whawha

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If ethylbenzene is treated with Br2/uv, we get a bromine on the benzylic carbon, right?

If it is treated with NBS, ROOR and heat, aren't we supposed to have the bromine on the second carbon (btw, what is that carbon called?)

I remember a question where it was saying, NBS,ROOR would attach bromine to allylic position, say if you have a cyclohexene.

Am i missing something?
 

vlct0ria

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If ethylbenzene is treated with Br2/uv, we get a bromine on the benzylic carbon, right?

If it is treated with NBS, ROOR and heat, aren't we supposed to have the bromine on the second carbon (btw, what is that carbon called?)

I remember a question where it was saying, NBS,ROOR would attach bromine to allylic position, say if you have a cyclohexene.

Am i missing something?
As I recall, NBS/ROOR will attach Br to the benzyllic carbon just like Br2/hv.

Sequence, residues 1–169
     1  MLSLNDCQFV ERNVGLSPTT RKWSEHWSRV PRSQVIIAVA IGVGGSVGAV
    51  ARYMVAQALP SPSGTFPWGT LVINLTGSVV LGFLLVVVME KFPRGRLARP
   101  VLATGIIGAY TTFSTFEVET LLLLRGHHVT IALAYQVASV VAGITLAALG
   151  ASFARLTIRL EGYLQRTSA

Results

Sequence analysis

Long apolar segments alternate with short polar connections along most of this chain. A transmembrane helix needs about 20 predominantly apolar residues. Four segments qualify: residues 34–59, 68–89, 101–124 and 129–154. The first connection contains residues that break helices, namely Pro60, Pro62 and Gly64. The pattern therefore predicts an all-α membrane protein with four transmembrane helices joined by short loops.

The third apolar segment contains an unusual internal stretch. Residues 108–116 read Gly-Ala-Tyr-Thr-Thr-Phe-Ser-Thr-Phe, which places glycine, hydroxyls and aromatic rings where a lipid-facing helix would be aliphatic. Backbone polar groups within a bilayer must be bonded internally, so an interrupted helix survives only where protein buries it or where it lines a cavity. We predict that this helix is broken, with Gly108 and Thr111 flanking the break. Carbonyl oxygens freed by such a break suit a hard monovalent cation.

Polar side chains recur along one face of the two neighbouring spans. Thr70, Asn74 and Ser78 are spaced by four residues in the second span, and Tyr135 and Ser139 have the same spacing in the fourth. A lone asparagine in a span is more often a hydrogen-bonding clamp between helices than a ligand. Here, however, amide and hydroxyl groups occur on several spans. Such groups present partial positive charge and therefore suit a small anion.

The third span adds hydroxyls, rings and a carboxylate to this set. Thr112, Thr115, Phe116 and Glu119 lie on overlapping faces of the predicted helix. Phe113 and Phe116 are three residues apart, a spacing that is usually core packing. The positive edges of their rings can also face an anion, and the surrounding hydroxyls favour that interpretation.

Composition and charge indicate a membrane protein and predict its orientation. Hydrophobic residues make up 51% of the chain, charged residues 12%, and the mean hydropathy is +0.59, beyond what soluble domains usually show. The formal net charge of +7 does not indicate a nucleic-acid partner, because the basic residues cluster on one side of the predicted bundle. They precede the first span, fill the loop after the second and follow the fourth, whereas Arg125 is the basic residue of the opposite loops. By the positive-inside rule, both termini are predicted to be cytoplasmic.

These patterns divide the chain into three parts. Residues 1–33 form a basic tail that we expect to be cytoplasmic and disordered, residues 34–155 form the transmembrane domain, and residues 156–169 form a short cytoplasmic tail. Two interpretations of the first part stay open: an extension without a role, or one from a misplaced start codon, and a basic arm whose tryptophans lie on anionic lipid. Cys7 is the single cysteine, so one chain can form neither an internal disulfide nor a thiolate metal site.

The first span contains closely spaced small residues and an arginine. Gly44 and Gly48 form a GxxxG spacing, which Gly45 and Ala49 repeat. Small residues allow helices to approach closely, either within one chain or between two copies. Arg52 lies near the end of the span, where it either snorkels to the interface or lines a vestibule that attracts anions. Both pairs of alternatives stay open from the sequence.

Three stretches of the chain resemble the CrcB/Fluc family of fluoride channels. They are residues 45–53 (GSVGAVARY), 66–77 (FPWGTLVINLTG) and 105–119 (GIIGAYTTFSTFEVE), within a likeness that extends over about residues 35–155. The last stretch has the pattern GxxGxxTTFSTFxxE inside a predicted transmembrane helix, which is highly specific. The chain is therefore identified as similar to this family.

vlct0ria

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But, if you have peroxide, doesn't it normally follow Anti-markovnikov rule? So, bromine attached on less stable carbocation, which is C2 in the compound above?
I think the peroxides are just added as initiators for free radical bromination. Pretty much whenever you see NBS with alkyl benzenes, Br is selectively substituted at the benzyllic carbon.
 

vlct0ria

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What about simple alkene? It will be anti-markov, right?
If you're still talking about NBS/ROOR, bromination then occurs at the allylic C...Markovnikov's isn't relevant.
 

alanan84

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And, HBR/ROOR and NBS/ROOR do the same thing, right? Thank you again :)
I don't think they do the same thing.

HBr/ROOR adds Br anti-markovnikov and NBS/ROOR will add it to the allylic carbon...

Right?